Thousands of people returned to their homes following a spectacular railroad explosion and fire, but the blast damage threatened a dangerous power shortage Friday as temperatures remained below zero.

"We've got to minimize power usage right down to the last light bulb," said Leroy Lemach, Helena division engineer for Montana Power Co. "It's that critical."As wind chills dipped to 70 below zero Thursday night, National Guard and Air Force troops relieved local firefighters, monitoring the site overnight and extinguishing the last stubborn fires.

"We're just going to keep pouring water on it all night," said Sgt. Ron Weber, a National Guardsman stationed in Helena. "The cars that were the most threatening are now huge ice cubes."

The wreckage continued to smolder Friday morning, said Paul Spengler, Lewis and Clark County disaster services coordinator. The temperature was 29 degrees below zero.

The bitter cold weather was indirectly responsible for the predawn explosions that rocked Montana's capital Thursday, severing power lines and showering some neighborhoods with shrapnel.

Authorities said the accident occurred when railroad workers tried to switch locomotives on a freight train because the heater in one locomotive had failed. Forty-eight freight cars rolled away during the switch, traveling 12 miles into Helena before derailing and plowing into a propane tank.

The tank exploded, igniting a rail car filled with hydrogen peroxide, which also exploded. But a second hydrogen peroxide car was coated with ice, apparently preventing it from exploding.

Only two minor injuries were reported, which Spengler termed "miraculous," adding, "We are all speculating what a disaster we'd have had if that had happened at the rush hour."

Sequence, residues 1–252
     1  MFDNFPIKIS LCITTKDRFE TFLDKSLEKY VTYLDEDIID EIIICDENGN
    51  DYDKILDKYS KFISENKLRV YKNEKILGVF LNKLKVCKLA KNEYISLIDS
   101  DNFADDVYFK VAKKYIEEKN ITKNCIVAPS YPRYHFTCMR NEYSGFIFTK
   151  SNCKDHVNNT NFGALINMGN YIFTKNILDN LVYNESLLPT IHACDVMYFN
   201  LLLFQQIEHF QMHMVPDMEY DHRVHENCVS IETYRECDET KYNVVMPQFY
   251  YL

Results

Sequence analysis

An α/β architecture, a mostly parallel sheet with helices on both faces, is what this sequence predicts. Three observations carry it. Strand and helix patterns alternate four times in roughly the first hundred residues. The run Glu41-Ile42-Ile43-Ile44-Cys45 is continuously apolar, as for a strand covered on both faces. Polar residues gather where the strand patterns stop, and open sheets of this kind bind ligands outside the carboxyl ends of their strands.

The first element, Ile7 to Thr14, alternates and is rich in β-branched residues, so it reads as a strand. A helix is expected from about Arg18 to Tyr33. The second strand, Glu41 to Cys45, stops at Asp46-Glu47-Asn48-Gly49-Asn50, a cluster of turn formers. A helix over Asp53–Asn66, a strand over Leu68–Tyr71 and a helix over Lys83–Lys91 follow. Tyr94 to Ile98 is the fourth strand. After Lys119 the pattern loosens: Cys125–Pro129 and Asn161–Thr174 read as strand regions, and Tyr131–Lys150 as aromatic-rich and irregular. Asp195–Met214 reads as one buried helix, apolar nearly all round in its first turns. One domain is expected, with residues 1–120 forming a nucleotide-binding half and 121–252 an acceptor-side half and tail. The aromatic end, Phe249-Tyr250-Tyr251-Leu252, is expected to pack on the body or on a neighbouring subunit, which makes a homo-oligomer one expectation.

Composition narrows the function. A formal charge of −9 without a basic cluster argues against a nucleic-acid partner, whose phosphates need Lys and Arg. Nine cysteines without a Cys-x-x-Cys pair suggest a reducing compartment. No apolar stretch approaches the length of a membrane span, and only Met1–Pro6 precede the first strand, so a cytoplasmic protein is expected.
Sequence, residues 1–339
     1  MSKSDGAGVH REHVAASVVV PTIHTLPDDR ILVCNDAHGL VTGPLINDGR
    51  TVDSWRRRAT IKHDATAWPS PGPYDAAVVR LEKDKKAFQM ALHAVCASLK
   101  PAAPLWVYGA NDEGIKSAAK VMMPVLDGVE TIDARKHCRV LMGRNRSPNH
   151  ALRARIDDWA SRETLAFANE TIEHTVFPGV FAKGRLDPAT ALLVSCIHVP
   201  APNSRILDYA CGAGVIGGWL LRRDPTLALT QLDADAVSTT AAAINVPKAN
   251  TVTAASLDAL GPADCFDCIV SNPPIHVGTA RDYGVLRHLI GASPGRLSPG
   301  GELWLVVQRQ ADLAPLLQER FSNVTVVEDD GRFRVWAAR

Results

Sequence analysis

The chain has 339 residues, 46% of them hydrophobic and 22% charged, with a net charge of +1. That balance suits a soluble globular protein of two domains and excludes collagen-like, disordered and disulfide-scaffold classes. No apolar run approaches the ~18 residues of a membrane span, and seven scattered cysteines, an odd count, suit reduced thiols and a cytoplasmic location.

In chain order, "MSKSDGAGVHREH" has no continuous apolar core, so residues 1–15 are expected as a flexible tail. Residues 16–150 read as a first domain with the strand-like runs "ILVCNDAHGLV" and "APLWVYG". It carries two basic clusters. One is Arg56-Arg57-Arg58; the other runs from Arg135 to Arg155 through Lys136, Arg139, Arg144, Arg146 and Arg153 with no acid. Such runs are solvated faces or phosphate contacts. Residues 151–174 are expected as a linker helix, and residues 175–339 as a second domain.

Also in Montana Thursday, 52 Burlington Northern grain cars derailed near Glacier National Park, spilling more than 5,000 tons of corn and blocking tracks in both directions. That derailment forced Amtrak to suspend service indefinitely between Minnesota and the West Coast.

The explosions in Helena scattered debris for a quarter-mile radius, showering a nearby college campus and sending a 1,500-pound coupling unit through a dormitory roof. Windows were blasted out of homes and businesses up to two miles away.

About 2,000 residents were evacuated within a square-mile area around the blast site as the temperature reached 30 below zero. Power was knocked out in parts of Helena for up to six hours.

By Thursday night, the evacuation order had been lifted, although parts of neighborhoods near the blast site remained without power. Lemach said the strain on substations carrying rerouted power was so heavy that further problems could force blackouts throughout the city.

Mayor Russ Ritter, who also is vice president of Carroll College, said damage was estimated at $3 million, with $2 million on the college campus. A cement plant near the blast also suffered extensive damage, authorities said.

Ritter said college officials hoped to have the 700 to 800 students evacuated from Carroll's three dormitories back in their rooms this weekend and to resume classes Monday.

Federal officials were investigating whether the brakes on the runaway cars were properly set, were defective or failed because of the cold. Officials also planned to review tapes of radio conversations between the train's engine and the railyard to see whether there was a warning of the runaway cars.

"Right now all we know is the brakes did not work," Montana Rail Link spokesman Fred Simpson said. "The cars went down a steep grade - 2.2 percent - that's steep in railroad terms."